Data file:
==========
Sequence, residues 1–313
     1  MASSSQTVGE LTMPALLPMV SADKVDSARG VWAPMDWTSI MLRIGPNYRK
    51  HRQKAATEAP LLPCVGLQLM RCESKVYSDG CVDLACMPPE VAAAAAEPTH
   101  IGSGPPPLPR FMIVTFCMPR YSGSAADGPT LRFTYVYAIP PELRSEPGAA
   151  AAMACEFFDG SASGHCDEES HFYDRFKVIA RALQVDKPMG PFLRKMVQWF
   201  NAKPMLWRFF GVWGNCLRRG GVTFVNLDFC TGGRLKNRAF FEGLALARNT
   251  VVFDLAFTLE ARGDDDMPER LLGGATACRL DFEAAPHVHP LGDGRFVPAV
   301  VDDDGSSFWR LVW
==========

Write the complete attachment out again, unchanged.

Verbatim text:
Sequence, residues 1–313
     1  MASSSQTVGE LTMPALLPMV SADKVDSARG VWAPMDWTSI MLRIGPNYRK
    51  HRQKAATEAP LLPCVGLQLM RCESKVYSDG CVDLACMPPE VAAAAAEPTH
   101  IGSGPPPLPR FMIVTFCMPR YSGSAADGPT LRFTYVYAIP PELRSEPGAA
   151  AAMACEFFDG SASGHCDEES HFYDRFKVIA RALQVDKPMG PFLRKMVQWF
   201  NAKPMLWRFF GVWGNCLRRG GVTFVNLDFC TGGRLKNRAF FEGLALARNT
   251  VVFDLAFTLE ARGDDDMPER LLGGATACRL DFEAAPHVHP LGDGRFVPAV
   301  VDDDGSSFWR LVW